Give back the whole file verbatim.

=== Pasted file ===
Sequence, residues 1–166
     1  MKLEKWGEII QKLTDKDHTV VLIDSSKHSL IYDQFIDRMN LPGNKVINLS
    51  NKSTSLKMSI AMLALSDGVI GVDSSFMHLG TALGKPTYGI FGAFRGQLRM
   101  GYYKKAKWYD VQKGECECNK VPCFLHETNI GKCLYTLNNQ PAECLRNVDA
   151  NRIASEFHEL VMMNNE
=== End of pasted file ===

Sequence, residues 1–166
     1  MKLEKWGEII QKLTDKDHTV VLIDSSKHSL IYDQFIDRMN LPGNKVINLS
    51  NKSTSLKMSI AMLALSDGVI GVDSSFMHLG TALGKPTYGI FGAFRGQLRM
   101  GYYKKAKWYD VQKGECECNK VPCFLHETNI GKCLYTLNNQ PAECLRNVDA
   151  NRIASEFHEL VMMNNE